It costs aspiring Ghanaian Members of Parliament about GHC390,000 on average to carry out successful campaigns at the party and constituency level.
This is according to a research conducted by the Westminster Foundation for Democracy (WFD) and the Center for Democratic Development (CDD).
The report found that multiparty democracy and its highly competitive elections had resulted in the rising cost of political campaigns in the country.
Analysing the campaign spending of aspiring Members of Parliament between 2012 and 2016, the report indicated that the cost of running successful campaigns had risen by 59% over the four-year period covering two national elections.
The report warned that the rising cost may result in just a few wealthy people having the opportunity to hold public office with Members of Parliament becoming incentivized to recoup their campaign spendings rather than genuinely serving their constituencies.
“Ghana has held six elections since returning to multiparty democracy in 1992 with three peaceful power transitions, including, in 2016, the first defeat of a sitting incumbent. However, multiparty competitive elections can be costly affairs for aspiring and incumbent legislators. WFD research found between 2012 and 2016 the cost of running for political office in Ghana increased 59%.”
“On average candidates needed to raise approximately GHS 390,000 (approx. USD 86,000) to secure the party primary nomination and compete in the parliamentary election in their constituency. If the cost of politics rises to unaffordable levels the danger is that politics becomes the domain of the elite and wealthy and that the motivation and incentives of MPs move from serving the public to recovering their own investment,” the report said.
The report considered expenditure on campaigns, payment of party workers, media and advertisement and donations.
Spending based on gender
It emerged that on average, male candidates spent more in their campaigns than the female counterparts especially in Municipal areas “where party primaries, particularly those of Ghana’s two main political parties (the NDC and NPP) can be very expensive affairs; and where an ability to spend the most money is, by and large, a critical factor in successful winning a seat in elected office.”
‘MPs need two years’ salary to campaign’
Given the fact that MPs earn GHS 233,000 each year, it is apparent that they would require two years’ combined salary to enable them effectively campaign ahead of elections.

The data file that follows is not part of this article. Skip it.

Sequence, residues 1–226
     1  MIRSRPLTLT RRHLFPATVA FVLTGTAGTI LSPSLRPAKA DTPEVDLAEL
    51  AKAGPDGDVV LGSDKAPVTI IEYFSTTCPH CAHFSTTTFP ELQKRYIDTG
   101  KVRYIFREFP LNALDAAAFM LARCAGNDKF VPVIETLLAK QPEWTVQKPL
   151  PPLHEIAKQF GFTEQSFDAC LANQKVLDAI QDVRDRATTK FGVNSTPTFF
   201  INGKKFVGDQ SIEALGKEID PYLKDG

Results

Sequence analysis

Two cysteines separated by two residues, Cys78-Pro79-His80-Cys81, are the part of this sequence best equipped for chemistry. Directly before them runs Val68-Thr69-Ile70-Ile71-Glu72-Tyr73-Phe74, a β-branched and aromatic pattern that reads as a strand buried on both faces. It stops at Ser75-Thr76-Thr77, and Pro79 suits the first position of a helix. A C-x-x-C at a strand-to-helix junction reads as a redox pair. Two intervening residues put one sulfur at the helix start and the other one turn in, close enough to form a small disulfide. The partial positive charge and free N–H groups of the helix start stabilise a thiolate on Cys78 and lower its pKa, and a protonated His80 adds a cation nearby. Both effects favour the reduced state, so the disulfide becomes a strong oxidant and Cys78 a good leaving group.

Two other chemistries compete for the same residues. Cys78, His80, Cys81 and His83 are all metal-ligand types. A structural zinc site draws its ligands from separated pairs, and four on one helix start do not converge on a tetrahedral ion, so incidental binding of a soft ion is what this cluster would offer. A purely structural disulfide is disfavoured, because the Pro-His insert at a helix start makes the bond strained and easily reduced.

“In Ghana, a sitting MP earns GHS 233,000 annually (approx. USD 51,000). Therefore a successful election campaign on average costs them the equivalent of the best part of two years’ wages. This illustrates how much of a barrier to entry the cost of politics can have on ordinary Ghanaians who are keen to seek political office but lack substantial sponsorship.”
“It is important to note that the figures quoted for the items above also do not account for all the ‘soft’ money raised and spent by the candidates in the parliamentary primaries because according to respondents, tracking how much a candidate spent in any contest is an extremely difficult exercise: ‘it is a fact that there are so many items we spent money on, which cannot be accounted for in our election budgets’, a candidate who wished to remain anonymous said. The actual cost is therefore likely to be higher than the numbers provided.”
‘Implications of rising cost’
The report observed that a major effect of the rising cost of rising to the position of a Member of Parliament could result in;
Exclusion: women and youth suffer disproportionately when the cost of politics rises.
Disillusionment: increasing costs lead to the perception that competence takes a backseat to wealth in gaining seats in parliament.
Corruption: mounting MP debts makes them susceptible to a variety of forms of corruption.
On the way forward in correcting the imbalances, the report said;
Those surveyed expressed strong support for remedies that affected other institutions or groups. For instance, 80% supported laws that requires balanced media coverage during elections. 88% supported civic education programmes that encouraged voters to stop making financial demands on candidates or MPs.
The sample also supported interventions that would likely benefit them personally, whether financially or indirectly. 85% supported a reduction in filing fees imposed on candidates by electoral commissions or political parties. This has been a particularly large growth area for political costs, as parties have come to realise the potential rents to be gained from extracted significant fees from their candidates.
There was far less support, however, for regulations that restricted their own ability to operate within campaigns. Just 50% favoured a cap on spending for electoral campaigns, while only 56% supported a similar cap on how much candidates could spend on media advertising. These kinds of caps have a somewhat chequered history in Sub-Saharan Africa, so the resistance may not be entirely self-serving, but the distinction is intriguing.
The report concluded that over 72% of the respondents expressed support for sanctions against those who engage in political patronage. Given that 83% of these same respondents declared their approval of political patronage in a previous question, this juxtaposition strengthens the hypothesis that most political actors would like to see the system change (and the costs reduce) but few to none feel they can make that change on their own.